Is it time to institute a major college football playoff? Considering ever-more glaring drawbacks associated with post-season bowl games, some observers think so.
The question has kicked around for years, but mostly as a rhetorical exercise. Recent developments, however, have thrown a new cord of wood on the fire. Advocates are arguing more vociferously than ever for a playoff that would be more equitable and meaningful than what the current bowls are offering.
Two situations have come together to fan the flames.
At the same time people are irked that bowl commitments don't allow No. 1 Nebraska and No. 2 Texas to meet in post-season play, others are disturbed that sixth-ranked Southern Methodist, the winningest college team during the last three years, went uninvited by the major bowls because of what one TV executive called a lack of ''marquee appeal.''
Though the first situation has parallels most every season, the inability to bring Nos. 1 and 2 together seems more significant when they are such logical opponents. As the nation's only undefeated, untied teams, Nebraska and Texas have staked solid claims to their present rankings and deserve to play in a ''national championship'' game.
The last time perfect-record teams met in a major bowl game was in 1973, when Notre Dame beat Alabama in the Sugar Bowl. The main thing preventing a showdown this time are conference tie-ins, which deliver the Big Eight champion (Nebraska) to the Orange Bowl in Miami and the Southwest kingpin (Texas) to the Cotton Bowl in Dallas.
Conference tie-ins are a comfort to bowls that feel a bird in hand is worth two in the bush. But to fans interested in seeing the best matchups, such pacts more often are a fly in the ointment.
The original conference/bowl agreement was formulated by the Tournament of Roses, which signed the Big Ten and Pacific Coast Conference (now the Pac-10) to a contract 37 years ago.
The other members of the ''big four'' bowls - Orange, Cotton, and Sugar - have followed the Rose's example, but with only one conference commitment apiece. Even so, that's been enough to eliminate the possibility of a dream game in most seasons, and leave the designation of a paper national champion up to the pollsters who vote for the final rankings. Generally, however, the wire services agree on who's No. 1, having picked the same team seven of the last eight years. Still, the idea of deciding things on the field, as the smaller colleges do, has inherent appeal.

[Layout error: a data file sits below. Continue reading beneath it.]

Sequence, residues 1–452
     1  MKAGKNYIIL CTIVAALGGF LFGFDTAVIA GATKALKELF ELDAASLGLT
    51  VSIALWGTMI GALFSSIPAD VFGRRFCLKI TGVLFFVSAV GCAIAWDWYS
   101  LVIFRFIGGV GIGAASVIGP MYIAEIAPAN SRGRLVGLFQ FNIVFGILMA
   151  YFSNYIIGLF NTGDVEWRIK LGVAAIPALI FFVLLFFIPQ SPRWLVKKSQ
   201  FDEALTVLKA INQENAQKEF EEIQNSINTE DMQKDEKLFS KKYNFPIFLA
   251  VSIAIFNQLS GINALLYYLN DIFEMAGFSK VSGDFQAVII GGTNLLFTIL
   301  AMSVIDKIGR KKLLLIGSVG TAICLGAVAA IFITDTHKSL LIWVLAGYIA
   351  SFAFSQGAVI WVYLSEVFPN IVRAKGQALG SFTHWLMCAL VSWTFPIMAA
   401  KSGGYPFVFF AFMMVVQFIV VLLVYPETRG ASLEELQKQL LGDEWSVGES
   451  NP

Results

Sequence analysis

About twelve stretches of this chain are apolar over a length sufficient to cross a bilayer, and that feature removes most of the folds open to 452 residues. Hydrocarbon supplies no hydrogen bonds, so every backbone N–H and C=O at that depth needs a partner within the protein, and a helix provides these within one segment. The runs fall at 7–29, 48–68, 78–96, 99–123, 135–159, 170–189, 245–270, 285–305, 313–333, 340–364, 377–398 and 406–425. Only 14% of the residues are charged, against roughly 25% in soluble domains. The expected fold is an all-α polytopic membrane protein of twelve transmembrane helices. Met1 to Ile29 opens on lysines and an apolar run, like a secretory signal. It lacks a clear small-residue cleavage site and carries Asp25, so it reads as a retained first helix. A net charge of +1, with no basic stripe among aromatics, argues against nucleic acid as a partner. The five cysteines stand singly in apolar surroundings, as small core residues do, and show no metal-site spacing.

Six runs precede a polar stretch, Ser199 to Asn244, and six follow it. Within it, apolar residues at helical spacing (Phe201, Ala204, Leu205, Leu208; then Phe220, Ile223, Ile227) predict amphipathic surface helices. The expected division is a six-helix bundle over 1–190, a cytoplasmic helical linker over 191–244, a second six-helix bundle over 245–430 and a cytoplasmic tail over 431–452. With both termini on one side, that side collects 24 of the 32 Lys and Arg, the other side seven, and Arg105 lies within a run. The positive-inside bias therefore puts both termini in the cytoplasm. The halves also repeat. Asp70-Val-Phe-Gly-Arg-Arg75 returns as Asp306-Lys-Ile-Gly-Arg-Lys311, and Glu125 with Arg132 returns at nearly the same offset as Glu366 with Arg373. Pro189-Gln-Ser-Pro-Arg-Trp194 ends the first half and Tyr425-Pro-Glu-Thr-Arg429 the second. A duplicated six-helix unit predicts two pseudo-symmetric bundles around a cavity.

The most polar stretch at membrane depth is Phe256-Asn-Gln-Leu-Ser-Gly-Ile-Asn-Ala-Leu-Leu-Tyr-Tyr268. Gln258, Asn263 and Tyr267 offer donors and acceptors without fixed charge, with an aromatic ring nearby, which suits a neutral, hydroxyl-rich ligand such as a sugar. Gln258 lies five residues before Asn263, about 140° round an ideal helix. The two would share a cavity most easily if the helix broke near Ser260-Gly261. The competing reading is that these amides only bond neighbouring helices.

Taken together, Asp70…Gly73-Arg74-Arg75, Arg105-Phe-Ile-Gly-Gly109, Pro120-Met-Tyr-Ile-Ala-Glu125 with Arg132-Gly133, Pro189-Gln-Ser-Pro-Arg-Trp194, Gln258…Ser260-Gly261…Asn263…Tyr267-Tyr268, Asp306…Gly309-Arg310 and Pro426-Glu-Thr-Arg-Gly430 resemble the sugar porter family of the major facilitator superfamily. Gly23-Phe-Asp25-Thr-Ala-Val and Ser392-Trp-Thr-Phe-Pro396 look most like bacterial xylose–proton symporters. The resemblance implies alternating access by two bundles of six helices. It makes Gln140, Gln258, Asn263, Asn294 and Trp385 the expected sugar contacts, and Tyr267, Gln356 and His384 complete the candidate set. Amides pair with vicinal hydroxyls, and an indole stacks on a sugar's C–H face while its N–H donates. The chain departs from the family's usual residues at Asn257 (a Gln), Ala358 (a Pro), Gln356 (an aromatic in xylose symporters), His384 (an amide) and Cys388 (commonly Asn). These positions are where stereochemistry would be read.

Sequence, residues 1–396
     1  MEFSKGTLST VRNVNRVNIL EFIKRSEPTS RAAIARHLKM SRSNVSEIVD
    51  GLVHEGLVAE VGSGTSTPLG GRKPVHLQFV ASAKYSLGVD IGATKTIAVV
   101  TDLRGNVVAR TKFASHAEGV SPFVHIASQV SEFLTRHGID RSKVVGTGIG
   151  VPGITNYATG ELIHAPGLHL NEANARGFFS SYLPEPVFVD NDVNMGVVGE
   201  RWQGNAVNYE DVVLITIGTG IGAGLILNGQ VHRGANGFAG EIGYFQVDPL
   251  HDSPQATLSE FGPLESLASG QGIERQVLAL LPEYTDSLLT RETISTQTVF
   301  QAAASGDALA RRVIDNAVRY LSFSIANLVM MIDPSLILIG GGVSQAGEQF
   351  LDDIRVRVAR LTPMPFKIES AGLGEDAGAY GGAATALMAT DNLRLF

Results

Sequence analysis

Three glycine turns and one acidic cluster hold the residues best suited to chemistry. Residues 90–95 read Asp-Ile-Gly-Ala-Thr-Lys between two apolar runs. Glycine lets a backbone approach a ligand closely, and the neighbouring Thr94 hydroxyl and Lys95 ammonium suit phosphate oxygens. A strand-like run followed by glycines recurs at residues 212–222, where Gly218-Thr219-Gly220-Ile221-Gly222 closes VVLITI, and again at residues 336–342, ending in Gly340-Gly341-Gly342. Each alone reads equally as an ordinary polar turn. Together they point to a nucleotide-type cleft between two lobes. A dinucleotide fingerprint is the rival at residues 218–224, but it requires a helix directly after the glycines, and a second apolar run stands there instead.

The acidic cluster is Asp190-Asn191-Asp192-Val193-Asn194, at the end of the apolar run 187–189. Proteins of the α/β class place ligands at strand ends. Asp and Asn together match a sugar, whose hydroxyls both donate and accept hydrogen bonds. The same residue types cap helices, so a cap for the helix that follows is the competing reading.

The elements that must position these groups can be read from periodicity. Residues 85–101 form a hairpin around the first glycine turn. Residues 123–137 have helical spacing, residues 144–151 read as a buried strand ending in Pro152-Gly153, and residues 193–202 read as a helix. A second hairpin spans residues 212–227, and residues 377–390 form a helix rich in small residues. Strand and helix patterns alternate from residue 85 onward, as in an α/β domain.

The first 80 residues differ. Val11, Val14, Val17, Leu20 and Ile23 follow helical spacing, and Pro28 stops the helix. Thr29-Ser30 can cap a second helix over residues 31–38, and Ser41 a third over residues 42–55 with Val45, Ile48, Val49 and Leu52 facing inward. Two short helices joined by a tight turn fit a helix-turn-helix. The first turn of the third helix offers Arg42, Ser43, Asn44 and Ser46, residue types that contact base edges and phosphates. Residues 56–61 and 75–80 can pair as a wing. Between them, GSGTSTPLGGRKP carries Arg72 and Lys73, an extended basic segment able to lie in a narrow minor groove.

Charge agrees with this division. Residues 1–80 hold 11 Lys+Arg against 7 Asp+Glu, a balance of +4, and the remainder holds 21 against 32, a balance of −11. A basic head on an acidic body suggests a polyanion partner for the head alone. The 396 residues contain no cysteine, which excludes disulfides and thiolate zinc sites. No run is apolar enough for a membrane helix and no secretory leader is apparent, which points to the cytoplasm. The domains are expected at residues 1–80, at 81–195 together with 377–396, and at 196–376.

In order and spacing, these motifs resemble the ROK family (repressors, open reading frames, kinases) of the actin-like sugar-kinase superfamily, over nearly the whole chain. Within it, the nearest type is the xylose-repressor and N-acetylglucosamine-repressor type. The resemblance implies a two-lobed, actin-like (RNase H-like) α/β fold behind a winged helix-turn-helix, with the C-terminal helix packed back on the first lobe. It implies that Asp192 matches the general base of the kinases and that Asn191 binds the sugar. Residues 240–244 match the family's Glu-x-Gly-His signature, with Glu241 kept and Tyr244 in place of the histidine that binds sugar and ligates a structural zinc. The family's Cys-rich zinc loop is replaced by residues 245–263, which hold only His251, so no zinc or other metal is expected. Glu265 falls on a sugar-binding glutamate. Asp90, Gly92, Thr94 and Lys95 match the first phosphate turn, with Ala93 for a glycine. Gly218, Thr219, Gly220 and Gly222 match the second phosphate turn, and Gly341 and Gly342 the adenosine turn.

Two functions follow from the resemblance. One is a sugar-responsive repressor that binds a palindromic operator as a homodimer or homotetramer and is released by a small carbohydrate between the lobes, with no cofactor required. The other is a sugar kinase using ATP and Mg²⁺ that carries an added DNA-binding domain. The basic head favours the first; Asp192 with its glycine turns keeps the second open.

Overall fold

The reasons the major schools have never adopted a post-season football playoff are numerous. Foremost among them is that the bowls, which have been good for college football, oppose any dilution of their product. Others point out that a playoff, particularly one incorporating New Year's bowls into its structure, would make for an overly long season.
Another consideration is that a playoff, by its very nature, extracts just one winner, whereas the bowls are seen as rewards for all that participate.
''As it stands now,'' says Ralph McFillen, the assistant director of championships, ''32 teams can go back to campus and say we went to a bowl. Whether they won or lost, they feel they had a successful season. An additional benefit is that both athletic and non-athletic contributions generally increase after a school appears in a bowl game.''
The point that bowl detractors are making forcefully now, however, is that financial considerations cloud the selection of bowl teams. As a result, a team like No. 18 Virginia Tech, which lacks mass appeal, goes uninvited, while an unranked 6-5 Notre Dame squad goes to the Liberty Bowl. SMU, meanwhile, accepted a berth in a lesser bowl, the Sun, when wealthy New Year's games went for lower-ranked, but more prominent participants.
A post-season playoff may not remedy all inequities, but there is growing sentiment to try the idea, with 57 percent of major college coaches favoring a post-season playoff in a recent CBS poll. No playoff proposal is in the legislative process at this point, however, which means the issue won't come up at the NCAA's January convention.